What happens if I need to plan ahead for retirement?

Thinking very carefully about retirement planning is vital for anyone who wants to enjoy a financially comfortable life in their later years and eventually pass on their legacy to the next generation in a tax-efficient way.

However, there are a confusing array of retirement planning options available and savers are sure to face a number of complex tax challenges along the way. At a time when life expectancy is on the rise and healthcare is forever evolving, many Britons are living for 20 to 30 years after they retire, which is why making adequate preparations for retirement is now more important than ever before.

When it comes to exploring investment options, there are a number of different types of investments individuals can consider, ranging from ISAs and traditional savings products to property investments and pensions. However, each of these has its own tax and financial implications which investors need to plan for.

Firstly, those who decide to invest in property need to factor in the costs of Stamp Duty Land Tax (SDLT) on additional property purchases, and the phasing out of mortgage interest tax relief if they intend to let out a property in order to supplement their retirement income.

Similarly, anyone who is investing in a property with a view to selling it on needs to plan ahead for the Capital Gains Tax (CGT) implications of this.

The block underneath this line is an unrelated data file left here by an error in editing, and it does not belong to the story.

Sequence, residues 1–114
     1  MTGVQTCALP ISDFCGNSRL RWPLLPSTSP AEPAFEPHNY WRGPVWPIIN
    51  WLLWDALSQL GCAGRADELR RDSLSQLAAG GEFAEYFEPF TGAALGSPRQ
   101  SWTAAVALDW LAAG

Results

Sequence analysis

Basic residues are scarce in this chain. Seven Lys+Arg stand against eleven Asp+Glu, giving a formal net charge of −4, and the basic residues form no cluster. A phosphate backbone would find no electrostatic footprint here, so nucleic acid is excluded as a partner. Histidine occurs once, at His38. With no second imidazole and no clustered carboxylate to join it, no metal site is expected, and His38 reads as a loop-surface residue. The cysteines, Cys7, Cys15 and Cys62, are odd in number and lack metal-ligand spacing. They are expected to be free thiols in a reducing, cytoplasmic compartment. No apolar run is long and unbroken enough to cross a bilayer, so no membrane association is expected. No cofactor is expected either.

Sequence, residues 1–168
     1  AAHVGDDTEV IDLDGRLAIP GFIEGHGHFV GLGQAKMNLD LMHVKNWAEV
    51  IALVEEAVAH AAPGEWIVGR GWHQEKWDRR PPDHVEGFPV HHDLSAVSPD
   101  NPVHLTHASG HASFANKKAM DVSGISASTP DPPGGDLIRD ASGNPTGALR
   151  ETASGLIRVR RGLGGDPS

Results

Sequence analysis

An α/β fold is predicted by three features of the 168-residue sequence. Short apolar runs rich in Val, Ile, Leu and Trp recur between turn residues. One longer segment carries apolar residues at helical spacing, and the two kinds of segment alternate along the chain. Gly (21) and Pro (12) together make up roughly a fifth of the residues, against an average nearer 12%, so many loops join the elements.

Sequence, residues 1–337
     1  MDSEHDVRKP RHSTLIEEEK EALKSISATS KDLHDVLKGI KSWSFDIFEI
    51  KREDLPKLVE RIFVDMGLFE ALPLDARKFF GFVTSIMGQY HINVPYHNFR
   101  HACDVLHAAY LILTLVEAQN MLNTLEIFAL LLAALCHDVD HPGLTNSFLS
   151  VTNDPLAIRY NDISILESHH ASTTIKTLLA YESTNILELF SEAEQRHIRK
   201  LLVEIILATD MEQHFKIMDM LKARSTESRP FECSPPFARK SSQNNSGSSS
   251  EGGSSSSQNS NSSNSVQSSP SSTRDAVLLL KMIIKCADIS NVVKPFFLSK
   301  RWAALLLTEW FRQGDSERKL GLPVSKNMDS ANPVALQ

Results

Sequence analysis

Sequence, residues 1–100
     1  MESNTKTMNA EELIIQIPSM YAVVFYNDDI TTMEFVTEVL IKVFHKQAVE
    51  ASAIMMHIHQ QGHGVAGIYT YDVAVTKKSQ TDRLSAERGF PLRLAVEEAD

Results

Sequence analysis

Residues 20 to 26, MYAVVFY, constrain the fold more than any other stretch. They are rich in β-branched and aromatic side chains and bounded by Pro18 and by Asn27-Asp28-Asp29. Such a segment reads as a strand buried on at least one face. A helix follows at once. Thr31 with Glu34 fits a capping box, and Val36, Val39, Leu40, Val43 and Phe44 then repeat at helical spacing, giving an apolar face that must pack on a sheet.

Secondly, it is important to remember that pensions are one of the most important aspects of retirement planning – and therefore need to be considered. Equally important, however, is structuring your investments in a tax-efficient way and ensuring that the contributions you pay towards your pensions benefit from tax relief where appropriate.

It is also important to consider the benefits of life insurance, long-term care and medical insurance in order to safeguard yourself and ensure that you and your family are guaranteed a good quality of life.

Thirdly, if you are a business owner, you might wish to pass your business on to other members of your family when you retire, or sell the business on. Whatever your wishes, you will need to seek specialist tax advice and plan ahead accordingly from an early stage to avoid facing unfavourable tax consequences.

Finally, it is important to think ahead about the tax implications of passing on your legacy after death. Drafting a Will can help you to ensure that your estate is passed on in line with your wishes when you die. However, you will need to think about the Inheritance Tax (IHT) implications of passing on your legacy and plan ahead accordingly.

In England and Wales, each individual is entitled to a tax-free allowance of £325,000, above which estates will attract IHT at a rate of 40 per cent. Fortunately, there are various ways you can mitigate your IHT liability, such as by leaving money to a charity in your Will or passing property down to direct lineal descendants using the residence nil rate band (RNRB).

Good investment and future planning is hard work, which is why it is always best to seek specialist advice at the earliest possible opportunity.

To find out more, please get in touch with JW Hinks today.